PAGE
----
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The 11 Principles Series: Paying For Education with Cash

By Erik Folgate

Pay for your college education with cash. That sentence sounds so simple, but it is one of the toughest things to do in the 21st century. College tuition continues to rise, the cost of living continues to rise, and the demand to have that magical piece of paper called a degree continues to be more important. I will be honest from the beginning, I currently carry student loans. So this is not an article to preach to you all about paying cash for your education. I understand if you take out a loan. Most of my loans were taken in the first year and a half of my college degree, because I made the wrong decision of going to a private school that I could not afford. I realized that I was doing, quickly withdrew, and enrolled in a community college to finish my A.A. This is a challenge. I am challenging you to make a goal to pay cash for your education and your child’s education if you plan far enough ahead. I’m challenging you because I know you’ll thank me later on in life.

If you walk out of a post secondary degree with no debt, you will start the next chapter of your life financially ahead of more than half of your peers and others who went to college. How does that sound? That sounds like a good enough incentive to me. You’ll be in a better position to save up for a house quicker than people your age, and you’ll start a marriage with less stress in your life, because you carry much less of a debt load. I listen to Dave Ramsey’s radio show every now and then, and I always hear of twenty-somethings calling in with 50k, 100k, 150k of combined student loan debt. Granted, some of them are doctors, but some of them walk away with that just after undergraduate degrees. There are few things that you can do to help yourself pay cash for a college degree. Here they are:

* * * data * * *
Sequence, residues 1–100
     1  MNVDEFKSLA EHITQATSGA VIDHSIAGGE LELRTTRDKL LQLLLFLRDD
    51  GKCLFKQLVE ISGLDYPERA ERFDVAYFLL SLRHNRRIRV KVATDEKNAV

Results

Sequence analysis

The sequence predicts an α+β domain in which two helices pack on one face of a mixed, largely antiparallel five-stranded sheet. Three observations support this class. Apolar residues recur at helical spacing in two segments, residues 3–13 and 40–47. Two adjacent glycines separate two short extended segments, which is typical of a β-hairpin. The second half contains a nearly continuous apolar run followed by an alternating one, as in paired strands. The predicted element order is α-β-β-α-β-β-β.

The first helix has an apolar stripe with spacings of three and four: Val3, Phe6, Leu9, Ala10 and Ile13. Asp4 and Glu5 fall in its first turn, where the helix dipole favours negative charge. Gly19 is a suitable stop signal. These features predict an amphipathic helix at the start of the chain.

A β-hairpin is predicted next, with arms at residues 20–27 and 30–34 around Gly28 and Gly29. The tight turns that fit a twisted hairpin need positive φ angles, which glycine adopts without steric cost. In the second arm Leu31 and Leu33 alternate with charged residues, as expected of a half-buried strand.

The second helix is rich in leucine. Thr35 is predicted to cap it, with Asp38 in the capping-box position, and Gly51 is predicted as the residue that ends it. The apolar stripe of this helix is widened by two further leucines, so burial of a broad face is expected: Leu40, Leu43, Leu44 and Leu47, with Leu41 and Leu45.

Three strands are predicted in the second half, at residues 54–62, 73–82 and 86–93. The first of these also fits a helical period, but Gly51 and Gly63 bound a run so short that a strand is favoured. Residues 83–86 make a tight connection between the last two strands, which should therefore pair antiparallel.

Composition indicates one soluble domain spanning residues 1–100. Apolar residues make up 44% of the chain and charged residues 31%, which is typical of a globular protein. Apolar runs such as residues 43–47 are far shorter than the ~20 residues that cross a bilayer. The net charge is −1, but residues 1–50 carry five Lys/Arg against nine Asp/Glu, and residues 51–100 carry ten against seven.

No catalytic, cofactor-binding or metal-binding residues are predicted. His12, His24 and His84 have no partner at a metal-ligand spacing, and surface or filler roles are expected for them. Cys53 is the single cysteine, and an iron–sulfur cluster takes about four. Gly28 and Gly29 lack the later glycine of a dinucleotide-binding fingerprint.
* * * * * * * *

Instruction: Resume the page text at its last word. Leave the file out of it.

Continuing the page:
1. Go to a state school. If you’re parents did not plan for your college education, then you can’t afford a private school. Going to private college whether it’s a christian school, Ivy League school, or a specialist school is a luxury. You can get a great education at a state school for usually a third of the cost. You will find out that it matters less and less where you received your undergraduate degree. If it’s a reputable, accredited school, then your undergraduate degree can be done at a good state school. I know that a business degree from Harvard might look better than the one from the University of Arkansas, but it’s not about the degree. It’s about you. The Harvard degree might get your foot in the door, but it is YOU that keeps the job and receives promotions.
  2. Keep your cost of living as low as possible. When I was in school, I witnessed a good deal of my friends blow their money on going out to eat almost every night, drinking and clubbing every weekend, and buying clothes and other unnecessary things for their apartment. If you decide to not work while in college, then you should be the one that really tightens up on your budget. Too often I saw the students that didn’t work were the ones that went out to eat every night. One great way to save on rent is to find an older house for about $1000 to $1200 a month and split the rent four ways with three other roommates. Here’s a novel idea, pack a lunch to eat between classes! It’s those simple things that will allow you to keep your expenses very minimal while getting your degree and allow you to pay as you go.